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We have previously been able to sign documents with certificates with the following intended usages: Digital Signature, Encrypt Keys, Email Protection, 22.214.171.124.4.1.64126.96.36.199.2
As per Steven.Madwin's response to Document signing requires code signing certificate this should be fine. However as of Acrobat Reader DC 2019 the signature is marked as invalid. The certificate path shows "Invalid policy constraint" for the issuing certificate paths and the signing certificate. The certificate we are using is issued by Sectigo and is AATL approved.
Has Acrobat become fussier about the types of certificates it will accept. If so what needs to be present in the certificate?
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This is not a Key Usage/Extended Key Usage issue, but rather a Policy Restriction issue. Sectigo recently added the USERTrust RSA Certification Authority certificate to the Adobe Approved Trust List (AATL) program, and part of the requirements of being an AATL Member is we only trust signer's end-entity certificates if they comply with a specific set of policies. If you select the top most certificate in the tree view on the Certificate Viewer dialog, and then select the Policies tab, you will see the allowable set of policies. To see if your certificate meets one of the allowable policies select your cert from the tree view (the one you redacted), then select the Details tab, and finally, scroll to and select the Certificate Policies extension in the list view on the Details tab.
Granted, displaying this as an invalid signature is incorrect as it should show as Unknown because ultimately it is not valid because trust has not been established and the Acrobat should treat this the same as when trusted certificate is not found. Although I'm not sure when, there is a plan to align the two behaviors.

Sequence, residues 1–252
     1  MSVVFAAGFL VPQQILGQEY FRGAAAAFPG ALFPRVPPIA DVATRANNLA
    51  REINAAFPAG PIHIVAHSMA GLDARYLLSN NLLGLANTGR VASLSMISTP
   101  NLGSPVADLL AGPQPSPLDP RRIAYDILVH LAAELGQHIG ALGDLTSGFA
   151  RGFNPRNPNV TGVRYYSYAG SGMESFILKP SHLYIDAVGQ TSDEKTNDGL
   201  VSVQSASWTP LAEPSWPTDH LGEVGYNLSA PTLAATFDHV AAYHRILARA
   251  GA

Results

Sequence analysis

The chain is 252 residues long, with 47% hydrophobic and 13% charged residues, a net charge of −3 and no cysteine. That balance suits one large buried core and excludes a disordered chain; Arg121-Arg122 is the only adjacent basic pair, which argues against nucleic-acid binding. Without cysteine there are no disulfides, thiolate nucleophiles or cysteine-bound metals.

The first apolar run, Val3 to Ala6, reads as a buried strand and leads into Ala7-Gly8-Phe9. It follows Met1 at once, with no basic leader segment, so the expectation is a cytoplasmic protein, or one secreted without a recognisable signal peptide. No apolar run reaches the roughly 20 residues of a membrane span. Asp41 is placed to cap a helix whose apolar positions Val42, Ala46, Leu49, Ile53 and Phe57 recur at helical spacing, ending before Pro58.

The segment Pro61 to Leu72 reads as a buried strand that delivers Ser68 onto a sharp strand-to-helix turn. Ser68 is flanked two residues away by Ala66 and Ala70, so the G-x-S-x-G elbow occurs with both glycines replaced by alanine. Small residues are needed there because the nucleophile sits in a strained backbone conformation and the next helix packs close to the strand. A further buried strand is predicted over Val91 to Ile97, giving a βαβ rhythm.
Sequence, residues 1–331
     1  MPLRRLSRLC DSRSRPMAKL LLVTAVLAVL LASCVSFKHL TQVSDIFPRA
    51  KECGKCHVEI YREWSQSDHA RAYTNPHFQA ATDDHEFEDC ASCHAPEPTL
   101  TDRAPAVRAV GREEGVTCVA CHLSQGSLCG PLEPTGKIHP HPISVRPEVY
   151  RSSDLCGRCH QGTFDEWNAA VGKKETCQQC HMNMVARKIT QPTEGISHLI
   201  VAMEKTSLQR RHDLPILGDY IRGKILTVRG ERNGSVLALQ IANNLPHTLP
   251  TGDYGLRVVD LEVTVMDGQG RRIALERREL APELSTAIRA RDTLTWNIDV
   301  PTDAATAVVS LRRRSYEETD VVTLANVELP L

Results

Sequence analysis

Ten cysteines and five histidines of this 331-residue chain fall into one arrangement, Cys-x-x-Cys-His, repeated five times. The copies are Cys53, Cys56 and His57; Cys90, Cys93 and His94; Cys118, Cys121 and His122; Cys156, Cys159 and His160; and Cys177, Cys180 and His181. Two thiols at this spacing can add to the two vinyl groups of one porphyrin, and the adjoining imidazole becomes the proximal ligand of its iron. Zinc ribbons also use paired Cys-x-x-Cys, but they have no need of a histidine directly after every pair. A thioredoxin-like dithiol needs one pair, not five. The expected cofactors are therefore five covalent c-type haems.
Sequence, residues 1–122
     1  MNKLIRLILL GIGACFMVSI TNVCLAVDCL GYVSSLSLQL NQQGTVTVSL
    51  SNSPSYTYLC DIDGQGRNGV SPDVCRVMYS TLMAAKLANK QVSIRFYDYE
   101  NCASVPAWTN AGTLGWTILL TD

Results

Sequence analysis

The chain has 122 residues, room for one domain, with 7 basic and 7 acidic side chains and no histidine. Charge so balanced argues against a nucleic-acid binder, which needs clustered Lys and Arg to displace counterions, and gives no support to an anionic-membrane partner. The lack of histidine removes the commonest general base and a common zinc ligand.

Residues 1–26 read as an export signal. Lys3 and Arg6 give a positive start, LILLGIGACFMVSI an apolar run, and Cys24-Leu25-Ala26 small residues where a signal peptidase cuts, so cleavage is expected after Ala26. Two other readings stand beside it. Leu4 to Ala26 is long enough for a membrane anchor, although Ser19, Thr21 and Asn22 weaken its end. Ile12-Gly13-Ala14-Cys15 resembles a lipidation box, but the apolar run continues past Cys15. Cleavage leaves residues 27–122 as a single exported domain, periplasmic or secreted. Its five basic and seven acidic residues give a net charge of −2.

Thank you for sharing on the forum so others can benefit.
The Object Identifier (OID, the number in the Certificate Policies edit field) is a representation for a document that lays out all of the requirements of a the Sectigo AATL Policy. If the digital ID that Sectigo issued you met those requirements then they wound have include that specific OID in your Public-key Certificate (PKC), or more specifically, the Certificate Policy extension in your PKC.
The missing piece of this picture puzzle is what is listed in your PKC? If you highlight your cert in the tree view on the left of the Certificate Viewer dialog, then select the Details tab, you can scroll the list view and find the Certificate Policy extension. If you click on that entry you will see a Policy OID that is a short-hand for which set of requirements your certificate met when it was issued. If it had matched the OID displayed above then the signature would have been valid.
@rolandor81994411 I have submitted a bug report to Adobe to suggest that Signature's validity is changed to unknown rather than invalid when this policy requirement has not been met. It is valid in the sense that it is proven that the signing certificate's private key signed the document; the signing certificate chains up to a trusted AATL root; and that the certificate has not been revoked.
I know it's been a while but just to complete this response for anyone else, here is the Certificate Policies extension for the signing certificate. As you can see it does not have the policy with Oid 188.8.131.52.4.1.64184.108.40.206.6.6 that appears in the root certificate. I do agree that it should not mark the signature as invalid - that is entirely misleading. The certificate has been used to created a valid signature. It is only the validity of the certificate that is in question!
One final note on this: We have previously signed documents that had long term validation information which had then been document timestamped - making the document PAdEs Baseline Long Term Archival which are now showing as invalid. This runs counter to the logic of PADES LTA reasonaing which should show if a signature was valid at signing time, and information to support this is included the document, then the signature should be still valid for as long as the timestamp's certificate chain is valid. I would therefore suggest that this behaviour change breaks with PADES LTA.
Basically the signing certificate has to have the AATL policy specified.
Most annoyingly it also makes PAdES LTA documents signed 4+ years ago using non-AATL certificates invalid which is definitely incorrect and goes against core the intention of the standard. It was reported 18 months ago as a bug but there has been no response from Adobe.
As a developer you have no option but to obtain an unnecessarily over-priced AATL certificate. Or alternatively ignore the inavlid-policy constraint error and perhaps use a different reader.